Quantifying the Population-Level Effect of the COVID-19 Mass Vaccination Campaign in Israel: A Modeling Study

Ido Somekh, Wasiur R. Khudabukhsh, Elisabeth Dowling Root, Lital Keinan Boker, Grzegorz Rempala, Eric A.F. Simões, Eli Somekh*

*Corresponding author for this work

Research output: Contribution to journalArticlepeer-review

10 Scopus citations


Background: Estimating real-world vaccine effectiveness is challenging as a variety of population factors can impact vaccine effectiveness. We aimed to assess the population-level reduction in cumulative severe acute respiratory syndrome coronavirus 2 (SARS-CoV-2) cases, hospitalizations, and mortality due to the BNT162b2 mRNA coronavirus disease 2019 (COVID-19) vaccination campaign in Israel during January-February 2021. Methods: A susceptible-infected-recovered/removed (SIR) model and a Dynamic Survival Analysis (DSA) statistical approach were used. Daily counts of individuals who tested positive and of vaccine doses administered, obtained from the Israeli Ministry of Health, were used to calibrate the model. The model was parameterized using values derived from a previous phase of the pandemic during which similar lockdown and other preventive measures were implemented in order to take into account the effect of these prevention measures on COVID-19 spread. Results: Our model predicted for the total population a reduction of 648 585 SARS-CoV-2 cases (75% confidence interval [CI], 25 877-1 396 963) during the first 2 months of the vaccination campaign. The number of averted hospitalizations for moderate to severe conditions was 16 101 (75% CI, 2010-33 035), and reduction of death was estimated at 5123 (75% CI, 388-10 815) fatalities. Among children aged 0-19 years, we estimated a reduction of 163 436 (75% CI, 0-433 233) SARS-CoV-2 cases, which we consider to be an indirect effect of the vaccine. Conclusions: Our results suggest that the rapid vaccination campaign prevented hundreds of thousands of new cases as well as thousands of hospitalizations and fatalities and has probably averted a major health care crisis.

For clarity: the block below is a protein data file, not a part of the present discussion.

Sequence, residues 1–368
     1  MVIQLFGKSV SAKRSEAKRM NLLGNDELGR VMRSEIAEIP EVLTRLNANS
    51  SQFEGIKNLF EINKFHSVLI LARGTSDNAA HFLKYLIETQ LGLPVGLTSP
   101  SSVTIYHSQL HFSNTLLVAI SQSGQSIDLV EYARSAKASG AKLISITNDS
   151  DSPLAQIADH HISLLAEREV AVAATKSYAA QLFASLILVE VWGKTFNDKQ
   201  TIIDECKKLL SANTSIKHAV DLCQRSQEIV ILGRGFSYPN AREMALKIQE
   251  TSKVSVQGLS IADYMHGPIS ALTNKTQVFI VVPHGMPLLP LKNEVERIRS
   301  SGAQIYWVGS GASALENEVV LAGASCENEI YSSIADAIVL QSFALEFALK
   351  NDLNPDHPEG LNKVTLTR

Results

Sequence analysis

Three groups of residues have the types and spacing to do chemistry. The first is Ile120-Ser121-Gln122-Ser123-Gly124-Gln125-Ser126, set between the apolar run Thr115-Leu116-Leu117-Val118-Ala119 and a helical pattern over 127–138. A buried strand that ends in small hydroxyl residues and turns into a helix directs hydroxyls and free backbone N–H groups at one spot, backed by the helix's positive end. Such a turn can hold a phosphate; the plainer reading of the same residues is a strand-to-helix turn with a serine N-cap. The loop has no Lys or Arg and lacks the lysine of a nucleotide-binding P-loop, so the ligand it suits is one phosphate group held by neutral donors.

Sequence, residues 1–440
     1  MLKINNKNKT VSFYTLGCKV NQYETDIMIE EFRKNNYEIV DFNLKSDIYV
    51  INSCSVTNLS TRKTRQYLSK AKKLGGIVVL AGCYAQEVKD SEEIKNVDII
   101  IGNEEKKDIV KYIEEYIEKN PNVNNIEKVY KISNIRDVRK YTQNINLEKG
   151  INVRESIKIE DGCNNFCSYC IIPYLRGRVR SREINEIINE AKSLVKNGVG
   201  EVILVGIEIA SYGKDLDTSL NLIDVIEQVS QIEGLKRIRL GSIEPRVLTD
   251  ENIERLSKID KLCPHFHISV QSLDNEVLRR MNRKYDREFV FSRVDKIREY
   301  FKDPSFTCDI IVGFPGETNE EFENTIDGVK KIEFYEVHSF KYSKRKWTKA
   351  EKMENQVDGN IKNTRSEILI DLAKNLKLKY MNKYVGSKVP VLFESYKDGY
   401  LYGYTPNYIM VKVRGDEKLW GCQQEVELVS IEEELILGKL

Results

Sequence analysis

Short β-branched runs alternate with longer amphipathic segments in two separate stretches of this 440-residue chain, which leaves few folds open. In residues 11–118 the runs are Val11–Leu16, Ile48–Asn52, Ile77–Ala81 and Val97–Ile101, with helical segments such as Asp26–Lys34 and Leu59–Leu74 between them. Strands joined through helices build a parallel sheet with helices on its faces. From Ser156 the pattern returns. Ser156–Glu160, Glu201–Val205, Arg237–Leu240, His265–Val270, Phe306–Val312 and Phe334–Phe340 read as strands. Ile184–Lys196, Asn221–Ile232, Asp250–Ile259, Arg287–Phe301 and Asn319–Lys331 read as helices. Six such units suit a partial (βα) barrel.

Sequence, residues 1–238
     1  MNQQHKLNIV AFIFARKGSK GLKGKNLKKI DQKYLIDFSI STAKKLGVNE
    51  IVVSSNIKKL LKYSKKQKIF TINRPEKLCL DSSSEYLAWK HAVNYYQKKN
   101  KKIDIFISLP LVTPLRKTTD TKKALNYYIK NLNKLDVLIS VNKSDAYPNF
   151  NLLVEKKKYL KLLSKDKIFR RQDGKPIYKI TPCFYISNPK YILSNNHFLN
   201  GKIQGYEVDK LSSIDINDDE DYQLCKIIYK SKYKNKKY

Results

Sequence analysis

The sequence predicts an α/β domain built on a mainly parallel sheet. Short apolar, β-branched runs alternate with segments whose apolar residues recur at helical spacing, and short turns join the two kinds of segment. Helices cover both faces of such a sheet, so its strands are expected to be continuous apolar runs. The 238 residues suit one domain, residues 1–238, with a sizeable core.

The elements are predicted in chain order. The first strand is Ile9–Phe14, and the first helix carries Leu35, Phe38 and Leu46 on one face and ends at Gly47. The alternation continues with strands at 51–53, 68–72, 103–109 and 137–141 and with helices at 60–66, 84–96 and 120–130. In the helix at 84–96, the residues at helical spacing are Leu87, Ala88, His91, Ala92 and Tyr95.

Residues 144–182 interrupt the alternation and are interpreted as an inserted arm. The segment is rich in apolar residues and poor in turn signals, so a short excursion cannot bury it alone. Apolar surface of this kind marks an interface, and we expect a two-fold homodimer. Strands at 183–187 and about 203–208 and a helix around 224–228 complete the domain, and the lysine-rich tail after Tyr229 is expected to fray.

Original languageEnglish
Article numberofac087
JournalOpen Forum Infectious Diseases
Issue number5
StatePublished - 1 May 2022


  • COVID-19
  • Effect
  • Modeling
  • Real-Life
  • Vaccination


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